We rarely hear about how much energy buildings consume… It seems that only cars and plants are polluting the world in the media. And yet, in 2018, 40% of the total consumption of energy in the USA was for buildings. But an interesting phenomenon recently emerged: net zero energy buildings! Nowadays architects and builders have the knowledge and the means to do such buildings! Former buildings can be retrofitted to be net zero energy too. But not enough existing buildings are retrofitted! That’s why I will show how you could disrupt the net zero retrofit building industry to change the game!
Let’s give some facts.
As mentioned above, buildings consume a lot of energy. As a consequence, buildings produce a lot of indirect pollution. Indeed, coal plants produces a lot of CO2 and nuclear plants a lot of wastes we do not know how to get rid of. Sometimes, a building pollutes directly too, if it has a fuel or a gas heating system.
Utility companies around the world are already struggling to produce enough energy to meet the actual demand. Some countries borrow energy each other by fear of lack (it is the case in the EU). There have been many blackouts in the past here and there due to a lack of energy. Unfortunately, states often answer to this by building new coal plants or by maintaining risky nuclear plants beyond a reasonable time limit.
This is not to mention that, in the meantime, the world population is growing year after year.
More people on earth means more houses, more schools, more hospitals and so on. But can we afford that? It seems that this goes in the wrong direction. Except if we change the paradigm!
The solution is to disconnect from the grid.
Our buildings rely on the grid to get the energy it needs. This energy seems unlimited to us and without consequences. That’s why we do not particularly pay attention to it. And yet it has tremendous indirect consequences! One simple way to stop that is to disconnect from the grid. This means learning how to generate the energy you need on site. Fortunately this is possible today. A building producing on site all the energy it needs yearly is called a net zero building. Nowadays, architects and builders know how to design and build net zero buildings.
Although the upfront cost is higher than the upfront cost of a traditional building, the overall cost is now similar! As a net zero house owner, you will have no utility bills. You may even get money from utility companies or your municipality if you are net zero positive. Zero-positive means you can produce more energy than you need. And there is a chance that you will make a bigger plus-value when selling your house. As you can see, there are no reasons why new buildings are not all net zero.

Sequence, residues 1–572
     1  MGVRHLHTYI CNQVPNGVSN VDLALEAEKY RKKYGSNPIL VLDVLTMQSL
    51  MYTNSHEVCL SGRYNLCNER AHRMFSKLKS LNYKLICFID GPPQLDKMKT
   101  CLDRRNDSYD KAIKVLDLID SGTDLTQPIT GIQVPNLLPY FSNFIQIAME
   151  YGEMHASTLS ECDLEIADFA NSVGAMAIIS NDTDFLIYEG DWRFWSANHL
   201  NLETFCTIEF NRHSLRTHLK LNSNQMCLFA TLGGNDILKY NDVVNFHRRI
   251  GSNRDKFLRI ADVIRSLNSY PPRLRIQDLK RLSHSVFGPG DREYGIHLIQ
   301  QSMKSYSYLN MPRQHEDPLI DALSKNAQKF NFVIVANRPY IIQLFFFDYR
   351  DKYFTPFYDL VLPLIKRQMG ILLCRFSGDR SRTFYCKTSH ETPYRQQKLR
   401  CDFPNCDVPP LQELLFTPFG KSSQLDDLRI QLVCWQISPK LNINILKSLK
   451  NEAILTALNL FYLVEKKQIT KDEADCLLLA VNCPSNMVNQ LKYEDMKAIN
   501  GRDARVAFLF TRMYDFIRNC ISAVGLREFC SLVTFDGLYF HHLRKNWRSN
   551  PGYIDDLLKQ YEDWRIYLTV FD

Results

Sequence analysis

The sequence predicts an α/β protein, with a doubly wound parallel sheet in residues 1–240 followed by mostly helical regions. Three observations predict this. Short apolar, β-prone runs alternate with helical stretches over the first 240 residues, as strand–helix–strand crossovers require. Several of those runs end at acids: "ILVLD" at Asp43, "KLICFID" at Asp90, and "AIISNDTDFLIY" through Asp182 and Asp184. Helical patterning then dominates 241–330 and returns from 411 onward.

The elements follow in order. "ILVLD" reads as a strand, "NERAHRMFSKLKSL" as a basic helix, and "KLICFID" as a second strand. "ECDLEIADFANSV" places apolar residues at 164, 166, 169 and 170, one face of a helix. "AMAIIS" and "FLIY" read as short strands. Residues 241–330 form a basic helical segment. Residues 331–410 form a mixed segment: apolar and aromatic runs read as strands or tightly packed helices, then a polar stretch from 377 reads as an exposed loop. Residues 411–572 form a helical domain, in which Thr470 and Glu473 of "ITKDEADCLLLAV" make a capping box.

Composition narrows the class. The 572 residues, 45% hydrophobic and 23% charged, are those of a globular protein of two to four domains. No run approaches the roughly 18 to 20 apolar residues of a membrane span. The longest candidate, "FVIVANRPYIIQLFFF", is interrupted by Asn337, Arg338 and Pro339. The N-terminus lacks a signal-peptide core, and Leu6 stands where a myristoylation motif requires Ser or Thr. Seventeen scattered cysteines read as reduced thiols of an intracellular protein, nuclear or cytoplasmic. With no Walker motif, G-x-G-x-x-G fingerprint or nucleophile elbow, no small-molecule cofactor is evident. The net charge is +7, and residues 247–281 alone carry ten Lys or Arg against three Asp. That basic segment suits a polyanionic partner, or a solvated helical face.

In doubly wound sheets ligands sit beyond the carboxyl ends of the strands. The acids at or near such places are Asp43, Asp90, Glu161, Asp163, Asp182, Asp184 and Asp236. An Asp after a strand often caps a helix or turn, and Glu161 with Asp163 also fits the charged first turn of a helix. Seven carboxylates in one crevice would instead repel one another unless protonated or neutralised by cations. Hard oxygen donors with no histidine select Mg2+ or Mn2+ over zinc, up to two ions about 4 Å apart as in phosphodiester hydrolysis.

But what about the old buildings we already have? Do we have to wait until they are all destroyed 30, 40 or 50 years later? Fortunately no! We can retrofit them to make them net zero.
But how to prepare a retrofit?
One of the first thing to know is how much energy the building consumed over the past year. You will need a year’s worth of utility bills for that. Then, you have to estimate the R-value of the actual insulation. The R-value indicates the resistance to the passage of heat and cold. You also have to estimate the U-value of the windows and the doors. The U-value indicates the heat loss rate. The structure of the building must be inspected too, using a thermal camera. In this way you can detect potential humidity spots or cracks. With all these information you have a good estimation of the work you have to do.
The energy efficiency and appliances of the water heaters and the heating and cooling system should be inspected. What consumes too much energy should be replaced. Conventional light bulbs should be replaced by LED light bulbs for a greater energy saving. It may also be useful to give some tips and recommendations to change the habits of the building’s inhabitants. Installing a socket power switch in each room to shut down everything at once is also a good idea.
How to perform a retrofit?
The first retrofit step is to build a good net zero envelop of the building. This means adding insulation to meet more strict standards. Depending on the project, insulation can be added inside the walls or outside the walls. The ground, the ceilings and the roof must be properly insulated too! Depending on the location of the building the recommended R-value of the insulation may change. The windows and the doors having a too high U-value should be replaced by new ones with low U-values. At this stage it is also a good idea to add insulated honeycomb shades.